Funding and staffing shortages in Indiana's Occupational Safety and Health program have been serious enough that they raise concerns about the agency's ability to enforce workplace safety standards, according to a federal audit.
The audit released by the U.S. Department of Labor's Occupational Safety and Health Administration last week found that during the 2009 fiscal year the state agency had 23 of 47 safety positions filled, the Indianapolis Business Journal reported Monday. The state Department of Labor that includes the OSHA program has since had its funding reduced 10 percent by budget cuts.
Indiana's OSHA program has long had funding troubles and has seen its budget increase less than 1 percent a year over the past two decades, the report said.
"The continuing lack of state funding support and proper infrastructure is also of concern," the report said. "Increased federal oversight and technical assistance may be needed to improve Indiana's performance."
Overall, the federal audit, covering the year ending Sept. 30, 2009, made 45 recommendations, the majority of which involved record keeping and documentation, as well as use of federal management reports.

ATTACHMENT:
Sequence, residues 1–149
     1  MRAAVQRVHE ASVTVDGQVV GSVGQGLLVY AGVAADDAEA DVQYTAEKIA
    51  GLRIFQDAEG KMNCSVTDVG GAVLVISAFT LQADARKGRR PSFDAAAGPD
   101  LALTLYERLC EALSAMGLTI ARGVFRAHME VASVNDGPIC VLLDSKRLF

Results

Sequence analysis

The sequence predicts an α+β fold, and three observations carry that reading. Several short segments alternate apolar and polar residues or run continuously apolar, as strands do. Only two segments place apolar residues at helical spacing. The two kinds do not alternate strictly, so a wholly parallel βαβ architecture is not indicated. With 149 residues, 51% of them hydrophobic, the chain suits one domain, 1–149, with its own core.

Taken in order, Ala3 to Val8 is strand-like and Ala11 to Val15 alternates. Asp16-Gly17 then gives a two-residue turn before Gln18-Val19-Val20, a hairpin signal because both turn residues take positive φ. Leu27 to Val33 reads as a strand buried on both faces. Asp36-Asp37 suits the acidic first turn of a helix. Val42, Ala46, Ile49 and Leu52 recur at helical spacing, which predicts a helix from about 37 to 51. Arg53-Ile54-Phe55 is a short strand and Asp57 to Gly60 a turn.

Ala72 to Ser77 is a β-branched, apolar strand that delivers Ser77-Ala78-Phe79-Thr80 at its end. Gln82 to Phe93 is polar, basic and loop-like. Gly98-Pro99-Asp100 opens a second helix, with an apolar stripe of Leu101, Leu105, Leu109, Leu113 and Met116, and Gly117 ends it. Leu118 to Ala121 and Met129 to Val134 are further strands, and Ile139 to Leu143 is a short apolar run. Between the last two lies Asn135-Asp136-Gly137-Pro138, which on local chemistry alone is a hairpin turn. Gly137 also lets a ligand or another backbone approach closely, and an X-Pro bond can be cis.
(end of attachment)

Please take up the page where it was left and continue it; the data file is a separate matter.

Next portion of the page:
State labor Commissioner Lori Torres wrote in a response to the audit that the department has identified areas for improvement, including follow-up inspection scheduling, construction inspection targeting and additional whistle-blower training programs.
"We believe we have been marching in the right direction, and that we will continue to deliver the type of service that our Indiana workers and their families have a right to expect," she said.
Torres defended the OSHA program, saying it has increased its number of inspections and reduced the number of injuries while holding the line on spending.
"Little credit was given in the report for the tremendous improvement shown in the Indiana program" she wrote.
In fiscal 2009, the Indiana agency reported 123 fatalities resulting from injuries suffered on the job, the lowest number since the state began tracking workplace deaths in 1991, and 20 fewer than the previous fiscal year.
Indiana issued 2,614 citations for violations during the year, with more than half classified as serious. The average fine for a serious penalty in Indiana was $1,271, slightly lower than the national average of $1,335.
Among other findings in the federal report:
— In two cases of fatalities, no follow-up inspections were conducted to ensure the violations had been abated.
— Victims' families are notified by letter of the initiation of an investigation and of its findings. The letters are not maintained in the case file, and it does not appear that copies of citations are provided to the families.
— Reasons for penalty reductions were not documented. The state offers a 30 percent penalty reduction if a company agrees to additional training.